I’ve noticed that as a student in engineering, it is really easy to lose yourself in a landslide of science and math classes. That would make sense because, after all, without those fundamentals in those two key areas you would certainly not be competent in your field. However, as an engineer, there comes a time when you need to step outside the boundaries of the traditional classroom and really begin to think about things from different, yet practical, perspectives.
Back in high school I was a huge supporter for the arts. On top of any AP math and science classes I was taking, I was sure to always make room in my schedule for an art or music class. Being able to think with your left brain as well as your right brain is another fundamental step to becoming not just an average engineer, but a great one. While I have been able to still enjoy drawing and painting as a hobby outside of the classroom, I really missed being able to sit down in an art studio and just take a break from all the math and just be a bit more creative and hands-on in my learning. This is why this semester I decided to take a 3D design class.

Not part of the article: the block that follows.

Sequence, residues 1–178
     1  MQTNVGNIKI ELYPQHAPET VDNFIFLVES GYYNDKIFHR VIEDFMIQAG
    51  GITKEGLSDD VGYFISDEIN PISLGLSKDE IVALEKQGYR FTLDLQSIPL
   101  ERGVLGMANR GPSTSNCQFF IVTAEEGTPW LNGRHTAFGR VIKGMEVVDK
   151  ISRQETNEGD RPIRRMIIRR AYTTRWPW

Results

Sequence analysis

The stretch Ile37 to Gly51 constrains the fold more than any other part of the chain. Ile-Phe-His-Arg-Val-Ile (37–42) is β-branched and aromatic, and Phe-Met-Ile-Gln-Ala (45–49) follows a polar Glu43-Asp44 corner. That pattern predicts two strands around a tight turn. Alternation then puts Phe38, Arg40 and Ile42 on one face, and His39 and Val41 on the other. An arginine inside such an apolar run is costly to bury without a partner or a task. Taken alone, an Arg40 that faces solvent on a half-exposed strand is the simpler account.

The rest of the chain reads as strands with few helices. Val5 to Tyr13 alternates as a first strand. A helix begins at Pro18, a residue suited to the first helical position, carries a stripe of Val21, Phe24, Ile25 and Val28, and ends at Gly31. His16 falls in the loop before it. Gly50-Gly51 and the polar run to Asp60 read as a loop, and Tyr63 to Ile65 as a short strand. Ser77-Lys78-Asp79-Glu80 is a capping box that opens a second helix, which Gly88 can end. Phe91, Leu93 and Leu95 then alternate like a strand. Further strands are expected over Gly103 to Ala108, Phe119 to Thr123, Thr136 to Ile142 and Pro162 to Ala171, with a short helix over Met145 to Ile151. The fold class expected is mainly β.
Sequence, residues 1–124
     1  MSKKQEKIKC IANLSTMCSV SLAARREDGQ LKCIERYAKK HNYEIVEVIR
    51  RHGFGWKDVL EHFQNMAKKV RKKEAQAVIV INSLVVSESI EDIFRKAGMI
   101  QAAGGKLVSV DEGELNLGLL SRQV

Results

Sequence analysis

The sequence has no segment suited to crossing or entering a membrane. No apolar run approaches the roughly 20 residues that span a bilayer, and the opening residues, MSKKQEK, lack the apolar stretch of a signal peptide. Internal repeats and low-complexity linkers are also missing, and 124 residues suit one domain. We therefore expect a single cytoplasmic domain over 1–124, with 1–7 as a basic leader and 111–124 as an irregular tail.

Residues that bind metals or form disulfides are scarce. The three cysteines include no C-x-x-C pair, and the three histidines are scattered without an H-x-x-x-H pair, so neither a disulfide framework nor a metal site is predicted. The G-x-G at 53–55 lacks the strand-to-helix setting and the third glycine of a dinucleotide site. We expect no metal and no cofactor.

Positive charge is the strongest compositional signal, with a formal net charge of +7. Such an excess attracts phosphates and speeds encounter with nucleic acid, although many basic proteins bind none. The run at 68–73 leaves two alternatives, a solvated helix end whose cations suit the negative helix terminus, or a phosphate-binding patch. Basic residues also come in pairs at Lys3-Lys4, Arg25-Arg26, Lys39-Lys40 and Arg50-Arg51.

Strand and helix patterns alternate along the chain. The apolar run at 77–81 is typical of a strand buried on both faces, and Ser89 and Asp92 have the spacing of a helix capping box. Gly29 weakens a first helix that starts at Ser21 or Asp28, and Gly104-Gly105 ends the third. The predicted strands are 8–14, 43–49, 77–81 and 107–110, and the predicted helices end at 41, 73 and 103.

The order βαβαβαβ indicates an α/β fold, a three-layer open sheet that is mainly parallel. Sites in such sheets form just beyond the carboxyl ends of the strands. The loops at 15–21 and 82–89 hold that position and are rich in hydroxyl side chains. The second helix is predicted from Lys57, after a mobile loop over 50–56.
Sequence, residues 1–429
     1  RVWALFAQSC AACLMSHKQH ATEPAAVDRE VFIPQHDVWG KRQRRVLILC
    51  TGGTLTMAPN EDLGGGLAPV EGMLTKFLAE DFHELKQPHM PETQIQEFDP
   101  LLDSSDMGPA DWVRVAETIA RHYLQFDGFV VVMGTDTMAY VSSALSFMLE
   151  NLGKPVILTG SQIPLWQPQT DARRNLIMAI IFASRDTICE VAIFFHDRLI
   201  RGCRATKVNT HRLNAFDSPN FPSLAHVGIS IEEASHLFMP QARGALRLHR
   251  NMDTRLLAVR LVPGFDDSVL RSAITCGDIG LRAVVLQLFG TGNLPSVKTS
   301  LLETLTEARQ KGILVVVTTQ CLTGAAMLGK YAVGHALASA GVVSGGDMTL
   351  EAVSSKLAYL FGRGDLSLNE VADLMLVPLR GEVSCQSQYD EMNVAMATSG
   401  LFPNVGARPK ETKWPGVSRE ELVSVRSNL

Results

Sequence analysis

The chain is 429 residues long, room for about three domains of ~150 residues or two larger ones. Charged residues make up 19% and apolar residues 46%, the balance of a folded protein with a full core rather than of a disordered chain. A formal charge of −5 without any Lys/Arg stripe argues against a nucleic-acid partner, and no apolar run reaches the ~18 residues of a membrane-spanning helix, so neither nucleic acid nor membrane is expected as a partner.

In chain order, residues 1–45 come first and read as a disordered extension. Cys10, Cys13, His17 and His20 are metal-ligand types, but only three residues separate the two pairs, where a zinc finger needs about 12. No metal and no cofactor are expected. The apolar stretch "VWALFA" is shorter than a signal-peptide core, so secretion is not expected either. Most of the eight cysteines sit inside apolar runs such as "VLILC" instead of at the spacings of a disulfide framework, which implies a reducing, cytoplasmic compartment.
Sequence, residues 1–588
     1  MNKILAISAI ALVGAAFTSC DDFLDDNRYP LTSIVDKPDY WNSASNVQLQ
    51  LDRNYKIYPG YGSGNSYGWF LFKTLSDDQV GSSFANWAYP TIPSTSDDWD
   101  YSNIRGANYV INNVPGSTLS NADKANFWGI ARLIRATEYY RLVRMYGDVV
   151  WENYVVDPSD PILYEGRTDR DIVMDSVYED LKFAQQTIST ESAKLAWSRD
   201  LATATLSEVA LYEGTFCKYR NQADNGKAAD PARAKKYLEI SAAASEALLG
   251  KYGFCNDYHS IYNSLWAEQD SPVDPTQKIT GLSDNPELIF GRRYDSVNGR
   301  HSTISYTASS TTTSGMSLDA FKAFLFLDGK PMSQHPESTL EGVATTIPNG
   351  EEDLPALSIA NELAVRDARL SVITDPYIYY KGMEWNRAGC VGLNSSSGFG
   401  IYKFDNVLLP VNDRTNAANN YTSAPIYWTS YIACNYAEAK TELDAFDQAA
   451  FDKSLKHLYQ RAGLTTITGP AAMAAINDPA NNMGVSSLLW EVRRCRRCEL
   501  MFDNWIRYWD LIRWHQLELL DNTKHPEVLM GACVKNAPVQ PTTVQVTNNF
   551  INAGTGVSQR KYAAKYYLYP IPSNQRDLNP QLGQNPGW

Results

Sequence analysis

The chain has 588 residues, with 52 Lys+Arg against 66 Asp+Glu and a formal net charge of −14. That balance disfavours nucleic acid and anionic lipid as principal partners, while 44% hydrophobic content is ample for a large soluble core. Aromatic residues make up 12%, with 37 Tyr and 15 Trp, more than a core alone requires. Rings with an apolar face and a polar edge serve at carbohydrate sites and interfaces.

After being introduced to all the machinery in the woodshop, we were given a class period (about two and a half hours) to make a fish from a single block of wood. I mentioned this before, but when it comes to art I’m usually more of a sketcher than a sculptor, so being surrounded by heavy, spinning blades and figuring out how to think in that third dimension was definitely a new and exciting frontier for me.
So after those two and a half hours of sawing, drilling, and sculpting I was able to go from this:
Meet Harold the fish, who, as the wood-shop overseer commented “looks like he’s been through the war”. I think I went a little overboard on the detailing with the drills….Oh well! It’s still something pretty cool that I’m proud to have made.